He is overmatched by league average RH fastballs with an alarming frequency. Coupled with a propensity to bail out and pull his head on breaking pitches that threaten the inner-half of the zone.
Hopefully he gets his stroke back in some sort of consistent manner, but it is an abuse of "statheadism" to throw measures around and "conclude" that nothing has changed with D Wright. It simply ain't so.
I think that this aspect is over-rated.
Jeff George would have been a great baseball player. If possessed comparable greatness it would have shined. This isn't a "diva WR" or Stephon Marbury, this is baseball. Largely an individual performance sport. It is you at the plate and in the field to make plays and execute.
Barry Bonds was the biggest A-hole ever and ignoring roids the greatest player ever.
I would think that a stat-head site above all would recognize the minimal effect that Harper also being an A-hole (and I won't judge on that regard for several years) will have on his baseball prowess.
Typo should be 2011.
I know that you are on a role in the opposite direction. However, here\'s a financial angle that has been missed.
The Yankees have grossly mismanaged their $275M asset, in ARod. It is unexcusable that they let him \"wing it\", spin lies and come across so poorly in his press conference. For Christ sake, there were no follow up question even allowed. The questions for the most part were in the newspapers in advance.
I have been witness in Corporate litigation and have had colleagues testify in front of Congress and a good company will prepare its subjects for these events with real \"dry runs\" and no question will be a surprise. ARod and the Yankees had image consultants and plenty of lawyers to have ARod in a state of readiness to come off 100% better than he did and not have left certain doors \"wide open\" for investigative journalists to prove ARod a liar and thus throw into doubt his entire timeline of usage.
This is both a \"steroids\" story and a \"celebrity\" story because ARod is part \"Juicer\" and part \"Brittany\".
He has 3 50 HR seasons that are now all linked to steroids. Yes, I am including the 2007 season as he had the equivalent of \"Radomski/McNamee\" touring with him for a good part of the season.
Steroids effect people in a different manner. Some get really good results with them. Sammy Sosa, McGwire made their careers with them. Palmiero went from Keith Hernandez-lite to putting up seasons that Willie McCovery would have been proud of, thanks to the Juice.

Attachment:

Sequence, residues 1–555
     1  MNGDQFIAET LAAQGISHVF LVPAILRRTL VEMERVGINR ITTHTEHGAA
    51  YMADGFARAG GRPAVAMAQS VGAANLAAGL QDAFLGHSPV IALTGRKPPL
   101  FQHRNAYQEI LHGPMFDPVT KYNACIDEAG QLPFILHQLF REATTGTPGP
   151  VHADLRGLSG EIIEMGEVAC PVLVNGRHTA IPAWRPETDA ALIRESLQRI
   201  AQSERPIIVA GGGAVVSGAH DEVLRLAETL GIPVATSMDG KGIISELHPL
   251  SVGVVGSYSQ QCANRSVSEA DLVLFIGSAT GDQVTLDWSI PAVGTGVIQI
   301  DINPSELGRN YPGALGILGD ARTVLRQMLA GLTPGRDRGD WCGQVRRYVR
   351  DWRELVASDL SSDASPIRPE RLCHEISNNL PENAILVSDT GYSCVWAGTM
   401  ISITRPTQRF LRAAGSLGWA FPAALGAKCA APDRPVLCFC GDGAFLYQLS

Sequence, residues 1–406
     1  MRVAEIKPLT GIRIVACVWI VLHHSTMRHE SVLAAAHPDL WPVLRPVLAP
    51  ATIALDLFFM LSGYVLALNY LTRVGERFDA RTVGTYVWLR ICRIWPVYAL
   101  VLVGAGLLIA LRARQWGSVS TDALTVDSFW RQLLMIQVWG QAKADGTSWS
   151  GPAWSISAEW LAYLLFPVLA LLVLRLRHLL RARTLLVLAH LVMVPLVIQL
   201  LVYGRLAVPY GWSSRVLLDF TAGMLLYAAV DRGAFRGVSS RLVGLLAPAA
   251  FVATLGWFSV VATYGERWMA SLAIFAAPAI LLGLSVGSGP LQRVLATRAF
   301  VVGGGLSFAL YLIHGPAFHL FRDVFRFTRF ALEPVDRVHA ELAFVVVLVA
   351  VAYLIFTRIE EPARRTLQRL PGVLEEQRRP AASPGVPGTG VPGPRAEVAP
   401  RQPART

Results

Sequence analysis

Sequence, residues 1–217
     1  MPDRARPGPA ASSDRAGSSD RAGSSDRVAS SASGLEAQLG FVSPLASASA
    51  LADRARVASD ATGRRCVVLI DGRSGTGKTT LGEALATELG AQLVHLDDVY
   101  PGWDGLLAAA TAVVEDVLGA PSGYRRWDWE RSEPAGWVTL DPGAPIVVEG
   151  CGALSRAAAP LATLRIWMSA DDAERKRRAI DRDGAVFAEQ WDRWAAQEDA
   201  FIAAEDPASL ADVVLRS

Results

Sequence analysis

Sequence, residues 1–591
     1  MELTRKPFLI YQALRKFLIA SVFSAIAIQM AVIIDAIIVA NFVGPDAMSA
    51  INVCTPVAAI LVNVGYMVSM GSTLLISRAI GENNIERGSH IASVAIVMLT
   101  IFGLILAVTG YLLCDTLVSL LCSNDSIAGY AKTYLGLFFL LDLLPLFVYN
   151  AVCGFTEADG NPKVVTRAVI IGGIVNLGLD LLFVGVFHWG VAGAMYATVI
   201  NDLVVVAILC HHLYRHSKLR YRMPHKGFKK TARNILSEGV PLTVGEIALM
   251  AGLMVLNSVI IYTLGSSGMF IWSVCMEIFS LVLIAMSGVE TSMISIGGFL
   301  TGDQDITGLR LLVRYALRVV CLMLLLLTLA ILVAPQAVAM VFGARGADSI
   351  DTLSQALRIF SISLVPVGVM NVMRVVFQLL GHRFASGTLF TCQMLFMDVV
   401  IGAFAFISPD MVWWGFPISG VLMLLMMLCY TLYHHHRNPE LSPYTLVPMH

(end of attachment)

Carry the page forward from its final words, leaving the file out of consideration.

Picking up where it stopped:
ARod reaps what he has sown. He could have contained this story but his insecurity forces him lie at every juncture in a lame attempt to make things seem \"less bad\" than the reality.
I normally respect BP\'s work. But there seems to be an approach here that tries correlate the fact that Juan Rincon was mediocore with and without steroids, ERGO, roids have had little to do with the HR tallies put up by Bonds, McGwire, Palimiero, Sosa, Arod, Luis & Juan Gonzalez, Tejada.
Various BP writers made a big stink about amphetimines and the huge impact that the elimination of \"speed\" would have on the game. Wrong, as BP failed to recognize a very self-evident fact that other \"legal products\" and/or simple \"life style changes\" can readily be used in lieu of amphetimines without a diminution in production.
Will, I love your work. It just seems like there is a \"Company Line\" at BP to be contrarian on steroids. Imply that they don\'t make much of a performance difference. Again \"juicing\" is not a one size fits all thing. Some get really big gains and others do not.
A decent article but look in the mirror.
BP would not exist as a business, be it not for the obsession that many baseball fans have with stats and performance. If fans weren\'t obsessed with this stuff and baseball was simply qualitatively viewed like ballet, than 95% of BP would be irrelevant. So you feed at the trough, even more so, than the writers that you deride.
This is all about the records and the integrity of the HR numbers. That\'s why the NFL gets a \"ho hum\" pass on PEDs.
A-Rod does matter, iust as much as Bonds, McGwire, Clemens and other mega icons who have put up mega-stats. Now inflated stats, that should be asterisked.
Thank you Seneca Roberts for \"outing\" another star.